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Payment in Kind by Roxy Matthews

April 24, 2019 by in category Apples & Oranges by Marianne H. Donley tagged as , , ,

Last month in the Facebook Group, The Charmed Connection, members of Charmed Writers posted some flash fiction short stories in honor of St. Patrick’s Day. Charmed Connection members voted for their favorite stories. The top four stories will be published this month on A Slice of Orange.

Roxy Mathews | Jann Says | A Slice of Orange

Our third story in this collection is by Roxy Matthews.

Roxy Matthews is the author of several self published novels, McBride’s Gem, Numb, and Second Time Sam, with several others due out this year. She’s also a contributor to Charmed Writers Presents: Flash Fiction 2019

In addition, you can read more about Roxy in the interview she did with Jann Ryan here on A Slice of Orange.

Payment in Kind

Nightmares were a thing Joey Scallone knew much about. His family was the toughest mob family in all of Chicago and surrounding cities. They were widely known and feared. Yet there were always those who thought they could outsmart and outgun a Scallone. He watched many a man perish gruesome deaths at the hands of his old man and two older brothers trying to prove themselves worthy. And they’d always left in body bags.

Joey never partook in the beatings or slayings, but he had dumped the tarp wrapped bodies when the smoke cleared, helped clean up any evidence that a Scallone had been in the vicinity. Because of his crimes, he’d been plagued with the visions of those unlucky men nightly. One in particular. Just the memories of the old man’s final words sent a shiver down his spine.

Joey tried to convince himself that he deserved what he’d gotten. Old Man Bishop could not ‘order’ his family, no one could. That big mistake would have dire consequences in the end. But his own excuses for his family’s actions did little to dissuade the nightmares that woke him from his sleep in a cold sweat, his sheets soaked, clinging to his bare flesh. Nor could it drive the old man’s words from his mind. “Since you won’t pay for the work I did for you, I’ll be back for that gold. Mark my words.”

Joey shivered, nervously ran his tongue along the three gold teeth Old Man Bishop had fit him with after a brawl with a local barkeep. His old man had promised to pay Bishop handsomely for the work and as far as Joey’d ever known, payment had been made. But with the old man’s words, Joey knew otherwise. In his darkened bedroom save the flickering lights of the bar across the street, Joey searched the shadows. His heart hammered in his chest, sweat gleamed on his skin, hands trembled at his sides. This was no way for a Scallone to act. To fear a dead man, let alone one alive was as blasphemous to the family name as beating your woman. Yet here Joey sat, on his stained mattress, arms wrapped around his legs, knees pulled up to his chest, fearing words of a dead man.

Joey scoffed at himself, lowered his legs, dropped back to the mattress, one arm beneath his head. “Get with the program, Scallone,” he cursed himself until his lids felt heavy, sleep inevitable.

As darkness began to take hold, Joey heard shuffling from the corner of his room followed by a soft voice.

“Where’s my gold?”

Joey bolted up in bed, eyes wide, breath held.

He looked left. Right. Nothing. Joey sighed. “Goddamnit, Scallone,” he cursed.

“That’s right, Scallone. Goddammit, give me my gold.”

Before Joey could comprehend how close the voice was, the mattress before him depressed and the outline of a hunched over old man came into view.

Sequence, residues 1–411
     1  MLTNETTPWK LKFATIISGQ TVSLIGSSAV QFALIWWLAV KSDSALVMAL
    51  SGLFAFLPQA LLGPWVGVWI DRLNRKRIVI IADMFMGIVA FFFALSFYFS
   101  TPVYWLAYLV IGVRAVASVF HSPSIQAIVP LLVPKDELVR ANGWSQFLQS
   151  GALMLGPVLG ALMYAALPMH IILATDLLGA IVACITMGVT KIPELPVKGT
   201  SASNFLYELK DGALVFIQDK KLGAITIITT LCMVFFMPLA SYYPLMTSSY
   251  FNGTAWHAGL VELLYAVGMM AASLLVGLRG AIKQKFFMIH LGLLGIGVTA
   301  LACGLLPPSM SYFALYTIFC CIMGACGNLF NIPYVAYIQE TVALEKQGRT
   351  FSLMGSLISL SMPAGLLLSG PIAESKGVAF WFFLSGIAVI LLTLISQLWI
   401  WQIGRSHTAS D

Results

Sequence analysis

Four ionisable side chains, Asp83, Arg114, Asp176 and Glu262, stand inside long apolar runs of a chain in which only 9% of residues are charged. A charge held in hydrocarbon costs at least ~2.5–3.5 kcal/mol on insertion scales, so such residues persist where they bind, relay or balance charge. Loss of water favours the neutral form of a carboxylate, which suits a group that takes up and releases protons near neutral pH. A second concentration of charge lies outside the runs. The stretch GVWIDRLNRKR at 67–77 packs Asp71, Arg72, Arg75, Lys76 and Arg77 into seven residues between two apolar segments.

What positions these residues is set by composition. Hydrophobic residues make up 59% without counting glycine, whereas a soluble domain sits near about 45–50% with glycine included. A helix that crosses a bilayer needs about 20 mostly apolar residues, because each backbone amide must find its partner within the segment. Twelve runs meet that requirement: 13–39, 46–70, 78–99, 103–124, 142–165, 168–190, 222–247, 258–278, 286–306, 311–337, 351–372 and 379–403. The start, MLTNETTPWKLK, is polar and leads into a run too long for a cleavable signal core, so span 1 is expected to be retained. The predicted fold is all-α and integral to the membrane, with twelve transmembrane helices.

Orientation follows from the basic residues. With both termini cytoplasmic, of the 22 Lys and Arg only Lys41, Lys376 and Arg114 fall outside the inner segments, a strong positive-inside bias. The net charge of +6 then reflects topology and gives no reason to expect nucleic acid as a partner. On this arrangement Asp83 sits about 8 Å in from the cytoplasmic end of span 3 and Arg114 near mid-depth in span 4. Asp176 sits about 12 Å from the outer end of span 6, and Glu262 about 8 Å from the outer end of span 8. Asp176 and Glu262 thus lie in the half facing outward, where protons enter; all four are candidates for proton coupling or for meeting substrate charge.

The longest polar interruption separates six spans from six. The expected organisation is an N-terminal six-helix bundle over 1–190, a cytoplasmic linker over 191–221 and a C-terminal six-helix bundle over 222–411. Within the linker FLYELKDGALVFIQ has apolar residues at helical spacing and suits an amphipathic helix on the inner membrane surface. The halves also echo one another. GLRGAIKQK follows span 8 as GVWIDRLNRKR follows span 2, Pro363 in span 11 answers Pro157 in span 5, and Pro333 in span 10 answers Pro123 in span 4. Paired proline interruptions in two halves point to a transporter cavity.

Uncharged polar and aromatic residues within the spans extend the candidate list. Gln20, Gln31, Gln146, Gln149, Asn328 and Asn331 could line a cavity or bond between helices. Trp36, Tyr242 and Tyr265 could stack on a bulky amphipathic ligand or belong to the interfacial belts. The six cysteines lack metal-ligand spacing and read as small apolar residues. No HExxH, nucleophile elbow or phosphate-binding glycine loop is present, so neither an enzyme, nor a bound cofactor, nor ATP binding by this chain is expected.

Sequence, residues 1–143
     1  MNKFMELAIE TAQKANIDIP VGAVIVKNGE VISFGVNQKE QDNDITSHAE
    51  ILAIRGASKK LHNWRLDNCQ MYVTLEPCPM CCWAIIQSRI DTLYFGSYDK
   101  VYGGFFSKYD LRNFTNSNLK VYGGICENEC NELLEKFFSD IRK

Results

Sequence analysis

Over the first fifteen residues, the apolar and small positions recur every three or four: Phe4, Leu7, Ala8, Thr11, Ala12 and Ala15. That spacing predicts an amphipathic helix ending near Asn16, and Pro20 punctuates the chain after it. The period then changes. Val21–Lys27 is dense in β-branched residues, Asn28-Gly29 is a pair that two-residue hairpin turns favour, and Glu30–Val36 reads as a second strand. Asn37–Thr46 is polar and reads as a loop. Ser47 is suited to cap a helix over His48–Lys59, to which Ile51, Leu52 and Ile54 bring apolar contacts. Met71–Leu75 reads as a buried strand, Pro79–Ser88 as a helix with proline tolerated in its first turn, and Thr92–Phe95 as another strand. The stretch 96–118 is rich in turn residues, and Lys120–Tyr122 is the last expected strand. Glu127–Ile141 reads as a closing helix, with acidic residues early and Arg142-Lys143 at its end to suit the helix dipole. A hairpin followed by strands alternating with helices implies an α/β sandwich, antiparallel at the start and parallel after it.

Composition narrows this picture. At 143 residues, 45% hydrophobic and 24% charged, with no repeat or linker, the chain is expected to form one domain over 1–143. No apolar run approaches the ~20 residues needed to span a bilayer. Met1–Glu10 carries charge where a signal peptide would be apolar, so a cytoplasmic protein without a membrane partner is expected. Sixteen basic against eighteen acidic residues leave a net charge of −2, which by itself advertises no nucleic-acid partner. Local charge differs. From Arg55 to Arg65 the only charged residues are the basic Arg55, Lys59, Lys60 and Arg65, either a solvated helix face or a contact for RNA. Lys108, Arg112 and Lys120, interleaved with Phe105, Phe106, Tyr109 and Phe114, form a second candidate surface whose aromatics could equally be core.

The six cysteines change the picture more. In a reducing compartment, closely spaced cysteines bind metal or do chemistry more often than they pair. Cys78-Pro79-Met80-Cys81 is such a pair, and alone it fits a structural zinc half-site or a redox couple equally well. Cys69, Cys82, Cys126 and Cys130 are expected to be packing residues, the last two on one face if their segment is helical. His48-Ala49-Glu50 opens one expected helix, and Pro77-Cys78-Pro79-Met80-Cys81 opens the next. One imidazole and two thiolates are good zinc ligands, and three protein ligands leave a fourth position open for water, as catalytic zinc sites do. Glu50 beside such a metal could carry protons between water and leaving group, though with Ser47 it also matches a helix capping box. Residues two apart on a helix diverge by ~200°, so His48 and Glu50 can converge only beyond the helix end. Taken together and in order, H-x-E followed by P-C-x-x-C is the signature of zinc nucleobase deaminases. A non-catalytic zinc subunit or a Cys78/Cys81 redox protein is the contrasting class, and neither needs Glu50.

Joey gasped, jumped back until he was trapped between his cold bedroom wall and his visitor. He blinked several times, pinched his thigh all in the hopes of pulling himself from the nightmare. But he stayed in it. Eye to eye with a dead man. The wrinkled face surrounded by thick bushy grey hair leaned closer, he grinned a toothless grin as eyes as dark as a tarpit peered into Joey’s soul. Give me my gold, boy.”

Joey squeezed his eyes shut, shook his head. As much as he wanted to look his foe in the eye, battle the demons of his own mind, as his old man and brothers had taught him, he could not. “You’re not real, you’re not real.”

“Oh, you don’t think so, huh,” Old Man Bishop’s voice croaked, followed by a sinister laugh that turned Joey’s blood to ice.

Cold fingers reached for his lips, strength in the grip opened his mouth wide.

Joey’s eyes whipped open onto the spectral vision of the old man, a sinister grin on his thin lips. In his terror, he panicked, fought to pull himself free from the grip. Shaken hands reached to push the old man away, yet instead of his fists filled with the old man’s tattered dental jacket, they came away with nothing. The old man reached a wrinkled hand inside Joey’s mouth, gripped one of his gold teeth like a vise and yanked. Joey screamed, flailed about on sheets barely covering the mattress. Blood splattered in his mouth, dripped down his chin as one by one, the gold teeth were yanked from his jaw.


When Joey awoke several days later in the hospital screaming about his golden teeth, ripped from his jaw by a ghost seeking his payment in kind, the nurses could only shake their heads.

“The poor boy, such a young age for such a horrific incident,” one whispered.

“Yeah, to be the innocent victim of gang violence like that.” Another added, shook her head. “Those boys should be ashamed of the beating they gave him.”

The first nurse nodded her head. “I agree, thankfully they were able to reconstruct his jaw.” She paused, then added. “But his poor teeth.”

We hoped you enjoyed Roxy’s story. Check in tomorrow for Jaclyn Roche’s “Kiss Me, I’m Irish. While you’re waiting, you can also read Veronica Jorge’s Fiona Malone’s Fesh or Angela Pryce’s The Last Serpent.

Books by Roxy Matthews

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